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Over the years, HDR Photography has become synonymous with over-saturated, over-processed, and unrealistic images. Some hear the term HDR and never give it a second thought because of their perception of what it is. Add to that, all the camera dynamic range improvements and many say that HDR has lost its place for good.
So how exactly can HDR photography still be beneficial to you? How can you use it to your advantage?
HDR or high dynamic range refers to the difference between extremes – the brightest and darkest areas of your image. In reality, your eyes can adjust for shadows and highlights in the same scene, but a camera cannot (again this has come a long way over the years).
Have you ever witnessed a scene that took your breath away, but were unable to capture it as is because you had to choose what your camera captured?
Exposing for the highlights left some of your image too dark or exposing for the shadows left your highlights too light. Or maybe you tried for somewhere in between and ended up with both dark shadows and light highlights?
Well when you want to capture the dynamic range of an area, you sometimes need to take more than one photo. To do that, you need to use bracketing, which is taking multiple images of the same scene at different exposures.
Most cameras now come with auto bracketing modes (AEB) , but you always have the choice to manually adjust your exposures between shots.
HDR Photography usually involves several bracketed images with a minimum of three images to capture the dynamic range. One image is exposed for the darker areas in your scene, another for the mid-tones and the third for the highlights. When you merge these images, you create an HDR image which reveals more detail than a single shot.
Fun Fact: Did you know that HDR photography has existed since the days of film?
Think of it as extending the tonal range of what your camera reproduces to mimic what your eyes see, as opposed to the graphic style that HDR has become synonymous with.
Truthfully the steps for making a realistic HDR are not drastically different from one that looks overly processed. The key is to know when to stop processing.
So what kind of shots are right for HDR photography?
Typically these include scenes that have a lot of contrast, for example, landscape and architectural photography. HDR is not recommended for scenes with a moving subject, or for shooting portraits (as it has a reputation for aging faces).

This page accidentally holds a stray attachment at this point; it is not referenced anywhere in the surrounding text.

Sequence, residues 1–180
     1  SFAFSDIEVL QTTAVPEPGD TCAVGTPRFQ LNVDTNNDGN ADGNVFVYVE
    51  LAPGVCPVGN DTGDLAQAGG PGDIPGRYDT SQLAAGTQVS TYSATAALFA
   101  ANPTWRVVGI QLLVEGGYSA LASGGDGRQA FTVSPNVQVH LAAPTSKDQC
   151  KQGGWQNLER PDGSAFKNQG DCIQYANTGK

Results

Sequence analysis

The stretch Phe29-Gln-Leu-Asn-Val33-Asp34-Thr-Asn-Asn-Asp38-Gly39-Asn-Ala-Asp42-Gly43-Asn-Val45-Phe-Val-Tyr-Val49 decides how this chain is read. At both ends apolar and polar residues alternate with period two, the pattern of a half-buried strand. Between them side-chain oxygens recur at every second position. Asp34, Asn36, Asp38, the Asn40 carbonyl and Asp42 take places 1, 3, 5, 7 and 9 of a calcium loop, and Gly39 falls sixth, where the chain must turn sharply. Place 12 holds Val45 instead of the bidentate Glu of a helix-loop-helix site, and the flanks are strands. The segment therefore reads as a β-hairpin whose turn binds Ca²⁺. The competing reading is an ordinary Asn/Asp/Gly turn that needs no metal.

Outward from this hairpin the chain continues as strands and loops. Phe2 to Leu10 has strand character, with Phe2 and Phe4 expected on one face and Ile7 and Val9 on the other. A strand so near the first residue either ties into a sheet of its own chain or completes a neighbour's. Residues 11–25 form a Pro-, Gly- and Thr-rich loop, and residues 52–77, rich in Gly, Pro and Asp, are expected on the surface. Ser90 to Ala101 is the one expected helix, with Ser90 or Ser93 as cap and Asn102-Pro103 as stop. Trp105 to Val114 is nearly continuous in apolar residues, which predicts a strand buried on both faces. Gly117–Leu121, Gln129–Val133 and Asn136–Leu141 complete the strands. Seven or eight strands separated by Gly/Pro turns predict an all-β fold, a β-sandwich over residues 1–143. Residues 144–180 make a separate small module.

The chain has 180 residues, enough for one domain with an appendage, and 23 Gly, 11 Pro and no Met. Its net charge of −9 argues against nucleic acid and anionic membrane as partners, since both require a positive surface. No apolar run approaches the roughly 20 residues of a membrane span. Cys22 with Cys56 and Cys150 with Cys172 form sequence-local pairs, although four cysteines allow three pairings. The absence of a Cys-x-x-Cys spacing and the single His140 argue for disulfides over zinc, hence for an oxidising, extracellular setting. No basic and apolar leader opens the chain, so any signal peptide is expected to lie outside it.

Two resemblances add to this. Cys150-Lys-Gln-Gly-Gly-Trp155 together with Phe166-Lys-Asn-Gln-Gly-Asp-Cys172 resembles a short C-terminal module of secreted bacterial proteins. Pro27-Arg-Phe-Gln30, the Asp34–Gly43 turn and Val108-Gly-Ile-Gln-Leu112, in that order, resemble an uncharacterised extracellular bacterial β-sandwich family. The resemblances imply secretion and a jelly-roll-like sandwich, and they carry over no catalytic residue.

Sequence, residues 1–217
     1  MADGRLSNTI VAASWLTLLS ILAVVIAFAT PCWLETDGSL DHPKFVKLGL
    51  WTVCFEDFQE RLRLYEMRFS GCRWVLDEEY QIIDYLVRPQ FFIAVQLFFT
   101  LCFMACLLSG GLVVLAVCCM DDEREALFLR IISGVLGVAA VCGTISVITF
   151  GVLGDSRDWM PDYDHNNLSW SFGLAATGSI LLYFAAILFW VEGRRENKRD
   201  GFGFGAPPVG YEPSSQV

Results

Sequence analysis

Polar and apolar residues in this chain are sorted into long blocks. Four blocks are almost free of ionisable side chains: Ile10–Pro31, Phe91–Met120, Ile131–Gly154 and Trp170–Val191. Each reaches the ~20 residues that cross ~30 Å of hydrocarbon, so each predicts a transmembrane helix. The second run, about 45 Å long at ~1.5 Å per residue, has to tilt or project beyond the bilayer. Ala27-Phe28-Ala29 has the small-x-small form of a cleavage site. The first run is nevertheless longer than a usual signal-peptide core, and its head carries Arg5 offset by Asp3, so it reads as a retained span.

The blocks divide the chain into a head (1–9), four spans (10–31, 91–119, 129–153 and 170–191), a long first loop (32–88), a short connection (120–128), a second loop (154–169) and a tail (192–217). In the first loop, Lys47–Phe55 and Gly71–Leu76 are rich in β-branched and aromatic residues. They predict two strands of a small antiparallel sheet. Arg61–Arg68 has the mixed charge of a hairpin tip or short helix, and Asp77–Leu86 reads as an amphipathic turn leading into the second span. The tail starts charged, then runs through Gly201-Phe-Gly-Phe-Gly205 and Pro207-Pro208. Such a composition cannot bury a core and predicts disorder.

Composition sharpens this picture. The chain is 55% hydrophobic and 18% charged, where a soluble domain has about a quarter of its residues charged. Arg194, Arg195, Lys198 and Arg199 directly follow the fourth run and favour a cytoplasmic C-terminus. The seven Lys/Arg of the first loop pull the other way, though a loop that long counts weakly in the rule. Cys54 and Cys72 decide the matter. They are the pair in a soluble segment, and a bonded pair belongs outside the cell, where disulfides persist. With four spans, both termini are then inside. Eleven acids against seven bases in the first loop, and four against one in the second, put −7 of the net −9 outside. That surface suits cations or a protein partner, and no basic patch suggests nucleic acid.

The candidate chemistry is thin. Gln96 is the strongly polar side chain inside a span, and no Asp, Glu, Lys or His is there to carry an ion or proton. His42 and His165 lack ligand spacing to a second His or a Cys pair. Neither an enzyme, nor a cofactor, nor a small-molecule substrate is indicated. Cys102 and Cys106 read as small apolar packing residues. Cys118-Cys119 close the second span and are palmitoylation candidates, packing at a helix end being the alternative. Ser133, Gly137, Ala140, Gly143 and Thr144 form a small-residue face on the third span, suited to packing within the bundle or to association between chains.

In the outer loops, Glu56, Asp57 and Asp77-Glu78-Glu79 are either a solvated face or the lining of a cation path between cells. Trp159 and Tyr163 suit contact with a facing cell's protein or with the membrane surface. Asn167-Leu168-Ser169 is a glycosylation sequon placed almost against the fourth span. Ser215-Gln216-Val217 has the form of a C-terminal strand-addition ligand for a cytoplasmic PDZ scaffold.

It is fun to experiment with bending the rules though and seeing the results.
To eliminate or minimize movement between your shots, a tripod is an essential tool. This also ensures that each image in your sequence has the same composition.
An HDR image is usually composed of between three to seven bracketed images. Three exposures are sufficient for a more photo-realistic HDR, at two stops (EV) apart. If done manually, this means that your first shot will be metered for the mid-tones of the image (0EV), followed by dialing down your exposure to -2 for your second shot, and lastly where your meter is at +2 for your third shot.
Use the HDR or Auto Bracketing (AEB) feature of your camera to accomplish this automatically.
Note: If you are shooting into the sun, you may need to do five exposures at one or two stops apart.
Processing HDR photography is essentially combining your images and adjusting your tonal mapping for detail. When it comes to processing, you have a choice of software: Photoshop, Photomatix, Lightroom and Aurora HDR to name a few.
Again, processing is the place where you can push your HDR too far or end up with a nice photorealistic image.
Usually, HDR software comes with presets that give you a range of looks. If you want your image to be more on the realistic side, you need to take control of the settings. Some of the settings you want to control include; reducing noise, fixing chromatic aberrations and dialing back your tonal adjustments.
The main benefit of HDR photography is recovering detail in your images. Landscape and architectural photographers often use HDR realistically to portray high contrast scenes.
HDR photography is often associated with overcooked images, but when it’s not overdone it can balance out a scene and makes it more appealing to your viewer. Your objective is to post-process just enough to maintain a natural look.